The first thing newly elected Congressman Andy Harris (R-MD) did when he got to Washington last week was complain about the Cadillac health care provided to government employees. Apparently he has to wait 30 days after he starts walking the streets before it kicks in. I'm sure we all feel Andy's pain.
As a new kid on the Congressional block with 0 days of experience, Andy will be paid $174,000 a year in base salary, plus the usual benefits available to federal employees. Since the per capita income in Berryville is $12,873 a year, I think Andy will figure it out. But wow, 30 days without coverage. That's scary. Let's keep Andy and his family in our prayers, okay?
One of the ironies of Andy's situation though, is that he won election as a strong opponent of the newly passed Health Care Reform legislation. He was particularly critical of the requirement mandating that individuals purchase health insurance--sort of like the mandate that all drivers have liability insurance before they can legally take a car out onto the streets.
The main argument in favor of mandated health insurance is that the cost of treating the uninsured drives ups the cost for people who buy insurance. I can believe it since, as a self employed person, my annual health insurance cost is a little bit more than the per capita income of people in my town. Yup, almost $13,000 a year.
Andy argued that mandating the purchase of an insurance product is unconstitutional and consequently illegal. That doesn't explain why auto liability insurance or social security taxes for retirement can be mandated, but I'm sure a lawyer can explain it for us. Either way, I think I'm on the hook. While Andy and the lawyers argue the point, I'll pay for the uninsured through higher taxes, or by paying continuingly increasing insurance premiums.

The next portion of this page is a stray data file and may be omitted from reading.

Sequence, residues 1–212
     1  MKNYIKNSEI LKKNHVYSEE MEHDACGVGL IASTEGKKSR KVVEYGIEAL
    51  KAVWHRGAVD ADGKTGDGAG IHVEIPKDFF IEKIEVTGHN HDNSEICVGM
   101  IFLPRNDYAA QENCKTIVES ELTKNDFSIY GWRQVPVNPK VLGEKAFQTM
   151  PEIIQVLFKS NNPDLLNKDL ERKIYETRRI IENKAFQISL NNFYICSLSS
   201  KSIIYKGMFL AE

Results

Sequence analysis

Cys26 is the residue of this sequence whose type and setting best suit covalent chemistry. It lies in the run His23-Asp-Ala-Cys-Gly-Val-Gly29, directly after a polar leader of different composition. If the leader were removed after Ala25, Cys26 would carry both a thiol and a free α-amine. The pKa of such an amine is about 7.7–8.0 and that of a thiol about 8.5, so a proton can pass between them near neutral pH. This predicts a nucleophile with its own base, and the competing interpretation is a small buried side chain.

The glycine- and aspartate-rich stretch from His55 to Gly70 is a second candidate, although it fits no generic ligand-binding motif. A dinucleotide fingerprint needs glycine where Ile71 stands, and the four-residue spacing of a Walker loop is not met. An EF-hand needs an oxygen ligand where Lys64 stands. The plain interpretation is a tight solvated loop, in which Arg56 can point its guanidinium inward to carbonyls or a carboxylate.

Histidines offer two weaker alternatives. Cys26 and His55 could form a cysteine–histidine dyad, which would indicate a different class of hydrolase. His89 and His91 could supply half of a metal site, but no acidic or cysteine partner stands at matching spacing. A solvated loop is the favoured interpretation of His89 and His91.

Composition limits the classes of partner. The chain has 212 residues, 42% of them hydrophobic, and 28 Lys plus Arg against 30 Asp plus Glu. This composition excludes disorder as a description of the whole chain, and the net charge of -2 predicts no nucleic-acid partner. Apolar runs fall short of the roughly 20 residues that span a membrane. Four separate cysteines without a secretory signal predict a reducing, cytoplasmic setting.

Yes indeed, one way or another, the middle class is on the hook and since, at least in economic terms I'm middle class that means me. So, Andy, how does your constitutional point get me off the hook, one way or the other?
A Facebook friend told me that we shouldn't be forced to buy health insurance or provide care for the uninsured. I think he means that we should just leave the uninsured on the street if they don't have coverage.
"Dude, you've crashed your Harley and you're bleeding! Are you covered?"
"Oh, sorry man. Good luck."
Unless I fall for the old Good Samaritan routine, I'm afraid the Harley rider will have to bleed to death, at least under my friend's scenario. Gosh, I wonder what will happen to babies born with cleft palates or, for that matter, to babies generally. Are there enough mangers to go around?
Like Andy, I'm foursquare behind Rugged Individualism, but I am doubtful about the whole Good Samaritan approach to healthcare. There isn't been much guidance from our churches. For one thing, mainline churches have been flat out silent on the matter of health care reform while the Pre-Millennial and Prosperity Gospel groups are into Rapture or Money and can't be bothered with the more mundane aspects of the Gospels.
No, I think we're on our own on this one. I sure hope nothing happens to Andy in the next 30 days. Let's pray for him, okay?